[Skip to Content]
Access to paid content on this site is currently suspended due to excessive activity being detected from your IP address 54.163.147.69. Please contact the publisher to request reinstatement.
[Skip to Content Landing]
Article
June 1968

Pancreatitis Following Operations on the Stomach

Author Affiliations

Baku, USSR
From the Azerbaijan Institute of Roentgenology, Radiology, and Oncology, Baku, USSR.

Arch Surg. 1968;96(6):909-914. doi:10.1001/archsurg.1968.01330240055012
Abstract

A MAJORITY of the authors consider pancreatitis following gastric resection to be a rare and grave complication (Simons1—1.2%, Hasche2—1.3%, Burnett and associates3—1.7%, Scherbakova4—1.3%, etc) often with a fatal outcome. However, there are also reports pointing to a great frequency of pancreatitis following operations performed on the stomach (Millbourn5—9%, Maurer6—21%, etc). Thus, Perryman and Hoerr7 found a rise of amylase activity in the blood serum of 47% of the patients after gastric resection. A majority of the authors assess the rise of amylase activity in the blood serum or urine as a manifestation of postoperative pancreatitis. In some of the patients, Challis and associates8 noted a marked rise of amylase level in the blood serum following extra-abdominal operations not accompanied by injury of the pancreas, as well as in patients treated with adrenocorticotropic hormone. Therefore, these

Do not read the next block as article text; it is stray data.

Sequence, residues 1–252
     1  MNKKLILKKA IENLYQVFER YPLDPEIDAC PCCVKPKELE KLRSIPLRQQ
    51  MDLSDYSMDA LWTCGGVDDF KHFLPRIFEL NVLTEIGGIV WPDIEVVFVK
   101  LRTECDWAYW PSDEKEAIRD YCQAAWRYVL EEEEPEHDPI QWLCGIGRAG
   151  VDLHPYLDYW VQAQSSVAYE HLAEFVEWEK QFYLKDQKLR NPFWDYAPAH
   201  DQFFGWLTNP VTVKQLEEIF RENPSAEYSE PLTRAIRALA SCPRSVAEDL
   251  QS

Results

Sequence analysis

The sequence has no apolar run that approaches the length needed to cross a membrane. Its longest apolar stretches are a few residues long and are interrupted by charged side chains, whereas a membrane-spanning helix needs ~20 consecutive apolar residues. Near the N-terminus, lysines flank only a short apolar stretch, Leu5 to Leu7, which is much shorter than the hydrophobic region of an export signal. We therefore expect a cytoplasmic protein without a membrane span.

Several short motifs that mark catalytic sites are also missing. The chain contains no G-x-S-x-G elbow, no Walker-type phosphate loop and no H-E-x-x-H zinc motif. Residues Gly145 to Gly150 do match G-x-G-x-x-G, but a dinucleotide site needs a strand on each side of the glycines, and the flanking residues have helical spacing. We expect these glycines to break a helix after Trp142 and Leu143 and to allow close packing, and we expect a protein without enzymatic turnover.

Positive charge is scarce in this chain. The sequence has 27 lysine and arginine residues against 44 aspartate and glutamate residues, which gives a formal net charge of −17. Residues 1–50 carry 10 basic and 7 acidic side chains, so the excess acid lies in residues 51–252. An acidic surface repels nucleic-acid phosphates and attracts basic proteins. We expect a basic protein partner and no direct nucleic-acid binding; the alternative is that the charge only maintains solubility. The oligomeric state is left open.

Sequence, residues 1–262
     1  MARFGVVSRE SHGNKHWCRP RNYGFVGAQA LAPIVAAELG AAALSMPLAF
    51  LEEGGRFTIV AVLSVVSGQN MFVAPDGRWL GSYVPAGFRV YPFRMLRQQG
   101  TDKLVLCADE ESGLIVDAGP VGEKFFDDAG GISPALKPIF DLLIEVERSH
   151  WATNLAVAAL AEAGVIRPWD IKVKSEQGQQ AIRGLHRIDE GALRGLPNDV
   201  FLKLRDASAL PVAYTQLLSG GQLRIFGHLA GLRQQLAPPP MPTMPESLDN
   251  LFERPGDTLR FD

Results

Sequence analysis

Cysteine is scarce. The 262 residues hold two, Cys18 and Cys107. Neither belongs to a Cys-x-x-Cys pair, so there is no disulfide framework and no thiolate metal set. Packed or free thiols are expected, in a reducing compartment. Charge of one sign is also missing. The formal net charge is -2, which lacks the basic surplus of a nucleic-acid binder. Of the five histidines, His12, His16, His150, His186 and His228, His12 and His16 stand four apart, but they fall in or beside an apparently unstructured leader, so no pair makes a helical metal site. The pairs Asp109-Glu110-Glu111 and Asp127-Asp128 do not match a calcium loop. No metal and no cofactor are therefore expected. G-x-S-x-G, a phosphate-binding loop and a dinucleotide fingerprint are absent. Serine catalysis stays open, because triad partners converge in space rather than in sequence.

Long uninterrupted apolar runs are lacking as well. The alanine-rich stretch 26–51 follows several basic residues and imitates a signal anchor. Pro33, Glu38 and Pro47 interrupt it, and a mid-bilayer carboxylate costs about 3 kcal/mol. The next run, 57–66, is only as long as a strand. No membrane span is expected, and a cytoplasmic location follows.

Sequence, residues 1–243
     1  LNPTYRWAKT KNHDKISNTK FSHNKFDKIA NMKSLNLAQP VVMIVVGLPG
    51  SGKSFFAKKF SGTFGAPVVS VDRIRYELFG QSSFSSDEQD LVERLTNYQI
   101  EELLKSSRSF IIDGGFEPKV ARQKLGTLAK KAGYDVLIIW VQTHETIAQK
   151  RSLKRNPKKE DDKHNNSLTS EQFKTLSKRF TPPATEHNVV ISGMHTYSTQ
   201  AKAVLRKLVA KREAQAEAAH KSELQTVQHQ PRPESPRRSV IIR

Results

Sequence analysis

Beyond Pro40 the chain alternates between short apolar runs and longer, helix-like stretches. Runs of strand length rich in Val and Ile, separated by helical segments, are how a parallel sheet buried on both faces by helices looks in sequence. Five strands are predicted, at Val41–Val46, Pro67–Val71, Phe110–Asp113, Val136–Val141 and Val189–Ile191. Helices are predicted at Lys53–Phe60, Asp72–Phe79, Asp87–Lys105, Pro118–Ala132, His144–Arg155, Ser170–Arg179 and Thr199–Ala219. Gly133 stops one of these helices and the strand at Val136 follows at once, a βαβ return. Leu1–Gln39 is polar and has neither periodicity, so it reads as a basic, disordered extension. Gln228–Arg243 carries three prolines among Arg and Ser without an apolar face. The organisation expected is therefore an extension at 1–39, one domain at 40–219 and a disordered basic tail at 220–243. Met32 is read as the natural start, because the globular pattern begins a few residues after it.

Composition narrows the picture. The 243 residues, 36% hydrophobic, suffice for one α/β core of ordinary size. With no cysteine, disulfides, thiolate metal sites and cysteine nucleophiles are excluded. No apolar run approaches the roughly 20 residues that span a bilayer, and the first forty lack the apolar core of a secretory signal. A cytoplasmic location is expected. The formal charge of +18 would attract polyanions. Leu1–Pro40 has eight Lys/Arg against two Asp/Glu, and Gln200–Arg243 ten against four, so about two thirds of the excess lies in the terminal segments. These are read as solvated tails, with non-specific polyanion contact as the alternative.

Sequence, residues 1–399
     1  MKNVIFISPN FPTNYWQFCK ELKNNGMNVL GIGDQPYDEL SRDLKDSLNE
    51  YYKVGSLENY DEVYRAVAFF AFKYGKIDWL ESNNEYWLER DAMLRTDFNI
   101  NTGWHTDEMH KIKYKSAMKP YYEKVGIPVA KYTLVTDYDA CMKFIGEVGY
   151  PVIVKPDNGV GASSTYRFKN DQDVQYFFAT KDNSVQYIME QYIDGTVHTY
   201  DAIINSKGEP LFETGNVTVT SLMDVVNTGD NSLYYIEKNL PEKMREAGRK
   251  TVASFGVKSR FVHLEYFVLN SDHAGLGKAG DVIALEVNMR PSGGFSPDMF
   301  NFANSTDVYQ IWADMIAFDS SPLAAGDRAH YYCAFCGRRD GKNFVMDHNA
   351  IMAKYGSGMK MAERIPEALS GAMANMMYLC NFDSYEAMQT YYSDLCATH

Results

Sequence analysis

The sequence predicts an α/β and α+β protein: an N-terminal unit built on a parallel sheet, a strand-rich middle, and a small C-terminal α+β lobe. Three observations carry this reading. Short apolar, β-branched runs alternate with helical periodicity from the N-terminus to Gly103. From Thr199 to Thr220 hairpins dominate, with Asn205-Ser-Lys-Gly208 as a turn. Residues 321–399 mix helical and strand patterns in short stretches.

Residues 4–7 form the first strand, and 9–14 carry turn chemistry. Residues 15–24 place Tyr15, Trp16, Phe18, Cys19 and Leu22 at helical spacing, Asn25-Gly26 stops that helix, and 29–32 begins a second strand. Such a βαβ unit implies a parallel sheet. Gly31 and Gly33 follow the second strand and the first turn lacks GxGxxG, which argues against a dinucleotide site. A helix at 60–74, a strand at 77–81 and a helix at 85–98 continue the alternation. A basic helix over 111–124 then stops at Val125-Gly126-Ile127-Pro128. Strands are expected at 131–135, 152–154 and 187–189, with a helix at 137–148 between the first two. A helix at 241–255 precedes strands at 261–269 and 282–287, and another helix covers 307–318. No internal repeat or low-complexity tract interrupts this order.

First Page Preview View Large
First page PDF preview
First page PDF preview
×